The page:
The Metrics and Reporting View looks at the various feedback cycles, metrics and reports in Holistic Software Development.
Quality Confidence is a lead indicator for the quality of a software release based on the stability of test pass rates and requirements coverage. Quality Confidence can be implemented at any level of the requirements stack mapped to a definition of done.
Is the output of good enough quality?
Quality confidence combines a number of standard questions together in a single simple measure of the current quality of the release (at any level of integration) before it’s been released. This metric answers the questions:
- How much test coverage have we got?
- What’s the current pass rate?
- How stable are the test results?
Quality Confidence is 100% if all of the in scope requirements have got test coverage and all of those tests have passed for the last few test runs. Alternatively, Quality Confidence will be low if either tests are repeatedly failing or there isn’t good test coverage of in scope requirements.Quality Confidence can be represented as a single value or a trend over time.
Since in Holistic Software Development the Requirements Stack maps explicitly to Definitions of Done, with development at each level brought together via Integration Streams, Quality Confidence can be implemented independently at each level and even used as a quality gate prior to acceptance into an Integration Stream.
A Word of Warning
Quality Confidence is only an indicator of the confidence in quality of the product and should not be considered a stable solid measure of quality. Any method of measuring quality based on test cases and test pass/fails had two flawed assumptions included in it:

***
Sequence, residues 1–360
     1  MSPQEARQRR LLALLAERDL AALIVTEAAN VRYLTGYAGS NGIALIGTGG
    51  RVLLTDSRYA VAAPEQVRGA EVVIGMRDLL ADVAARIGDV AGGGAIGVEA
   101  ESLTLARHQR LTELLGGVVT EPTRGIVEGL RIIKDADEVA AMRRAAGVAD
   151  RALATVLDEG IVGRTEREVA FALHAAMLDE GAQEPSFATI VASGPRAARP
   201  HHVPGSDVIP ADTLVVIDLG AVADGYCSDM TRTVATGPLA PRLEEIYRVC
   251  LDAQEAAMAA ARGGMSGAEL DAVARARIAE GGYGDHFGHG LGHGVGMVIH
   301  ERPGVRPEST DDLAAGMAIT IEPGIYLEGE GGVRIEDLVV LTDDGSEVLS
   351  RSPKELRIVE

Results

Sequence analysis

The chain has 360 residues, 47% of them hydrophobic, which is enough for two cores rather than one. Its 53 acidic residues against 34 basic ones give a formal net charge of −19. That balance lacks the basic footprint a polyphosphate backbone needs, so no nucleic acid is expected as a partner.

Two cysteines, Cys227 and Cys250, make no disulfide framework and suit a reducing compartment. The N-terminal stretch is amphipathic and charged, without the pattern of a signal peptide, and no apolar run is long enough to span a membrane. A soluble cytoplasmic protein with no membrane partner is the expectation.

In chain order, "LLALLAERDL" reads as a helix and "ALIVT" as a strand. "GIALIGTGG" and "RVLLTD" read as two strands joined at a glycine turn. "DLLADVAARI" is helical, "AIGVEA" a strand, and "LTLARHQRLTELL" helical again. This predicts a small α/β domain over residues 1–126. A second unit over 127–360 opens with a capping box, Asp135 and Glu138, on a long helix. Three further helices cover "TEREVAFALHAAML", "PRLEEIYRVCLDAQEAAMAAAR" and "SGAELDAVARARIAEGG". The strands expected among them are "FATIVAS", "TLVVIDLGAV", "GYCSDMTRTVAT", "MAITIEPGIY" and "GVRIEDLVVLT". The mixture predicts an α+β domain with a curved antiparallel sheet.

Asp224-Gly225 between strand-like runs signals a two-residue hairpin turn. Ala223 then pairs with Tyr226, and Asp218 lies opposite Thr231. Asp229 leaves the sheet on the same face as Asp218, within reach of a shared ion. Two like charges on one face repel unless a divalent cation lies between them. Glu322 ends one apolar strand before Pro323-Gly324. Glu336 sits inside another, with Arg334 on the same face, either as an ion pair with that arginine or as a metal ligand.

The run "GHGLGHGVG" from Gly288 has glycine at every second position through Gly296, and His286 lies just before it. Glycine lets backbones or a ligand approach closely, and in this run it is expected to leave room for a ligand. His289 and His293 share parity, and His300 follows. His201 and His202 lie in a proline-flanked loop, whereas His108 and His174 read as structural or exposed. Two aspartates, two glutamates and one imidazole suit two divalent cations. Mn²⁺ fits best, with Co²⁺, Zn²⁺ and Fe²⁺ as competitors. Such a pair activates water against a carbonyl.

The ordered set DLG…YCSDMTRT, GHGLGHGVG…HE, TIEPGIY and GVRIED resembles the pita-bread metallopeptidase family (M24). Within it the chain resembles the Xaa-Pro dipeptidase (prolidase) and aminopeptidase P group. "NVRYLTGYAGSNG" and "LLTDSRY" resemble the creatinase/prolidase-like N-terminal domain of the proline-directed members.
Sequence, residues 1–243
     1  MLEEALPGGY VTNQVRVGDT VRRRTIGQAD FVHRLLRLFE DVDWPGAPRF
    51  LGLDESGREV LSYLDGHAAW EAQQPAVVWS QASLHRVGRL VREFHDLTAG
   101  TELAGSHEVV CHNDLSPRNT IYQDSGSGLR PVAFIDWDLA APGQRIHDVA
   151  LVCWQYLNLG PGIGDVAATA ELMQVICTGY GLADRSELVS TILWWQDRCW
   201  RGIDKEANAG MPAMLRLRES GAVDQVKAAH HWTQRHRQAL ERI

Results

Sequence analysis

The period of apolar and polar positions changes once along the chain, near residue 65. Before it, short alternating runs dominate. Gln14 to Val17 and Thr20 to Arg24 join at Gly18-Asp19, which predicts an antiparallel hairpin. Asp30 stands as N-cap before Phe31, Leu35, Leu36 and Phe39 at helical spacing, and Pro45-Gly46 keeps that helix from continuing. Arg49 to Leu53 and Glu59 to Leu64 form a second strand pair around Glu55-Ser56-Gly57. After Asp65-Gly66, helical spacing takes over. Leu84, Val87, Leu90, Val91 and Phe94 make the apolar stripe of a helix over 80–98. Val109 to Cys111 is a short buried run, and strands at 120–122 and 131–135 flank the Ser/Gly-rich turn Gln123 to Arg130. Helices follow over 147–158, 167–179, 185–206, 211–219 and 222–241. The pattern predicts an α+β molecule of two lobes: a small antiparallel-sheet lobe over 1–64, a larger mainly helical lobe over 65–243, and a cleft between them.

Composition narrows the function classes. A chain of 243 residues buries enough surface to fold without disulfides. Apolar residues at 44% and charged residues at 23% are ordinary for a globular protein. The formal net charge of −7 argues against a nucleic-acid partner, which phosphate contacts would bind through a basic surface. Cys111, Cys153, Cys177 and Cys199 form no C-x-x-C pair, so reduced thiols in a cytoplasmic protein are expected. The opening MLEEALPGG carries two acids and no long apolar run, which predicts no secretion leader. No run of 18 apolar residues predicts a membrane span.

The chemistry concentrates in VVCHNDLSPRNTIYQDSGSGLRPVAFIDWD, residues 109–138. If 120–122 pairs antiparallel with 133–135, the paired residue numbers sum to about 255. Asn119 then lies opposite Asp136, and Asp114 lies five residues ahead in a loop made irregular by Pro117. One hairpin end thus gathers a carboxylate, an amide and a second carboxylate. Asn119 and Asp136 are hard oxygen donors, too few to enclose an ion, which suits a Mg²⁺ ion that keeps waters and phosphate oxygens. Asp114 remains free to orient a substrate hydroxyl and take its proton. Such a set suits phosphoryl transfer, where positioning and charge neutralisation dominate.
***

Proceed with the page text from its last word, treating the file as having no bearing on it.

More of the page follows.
- The set of test cases fully exercises the software
- Our experience shows that code coverage, flow coverage or simple assertions that the “tests cover the code” does not mean that all bugs have been caught, especially in Fringe Cases. We might think that we’ve got reasonable coverage of functionality (and non-functionals) with some test cases but due to complex emergent behaviors in non-trivial systems we cannot be 100% sure.
- The test cases are accurately defined and will not be interpreted differently by different people
- Just as with requirements, tests can be understood in different ways by different people. There are numerous examples of individuals interpreting test cases in a diverse number of ways to the extent that the same set of test cases run against a piece of software by different people can result in radically different test results.
Metrics such as Quality Confidence, must be interpreted within the context of these flawed assumptions. As such they are simply useful indicators, if they disagree with the perceptions of the team then the team’s views should have precedence and any differences can be investigated to uncover quality problems. We strongly recommend a Go See first, measure second mentality.
How to calculate quality confidence
To give an indicator of the confidence in the quality of the current release we first need to ensure that the measure is only based on the current in-scope requirements. We then track the tests related to each of these requirements, flagging the requirements that we consider to have “enough” testing as well as their results over time. The reason we include whether a requirement has enough tests is that we might have a requirement in scope that is difficult to test, or has historically been a source of many Fringe Cases, and so although it is in scope we might not have confidence that its testing is adequate. Obviously this a situation to resolve sooner than later.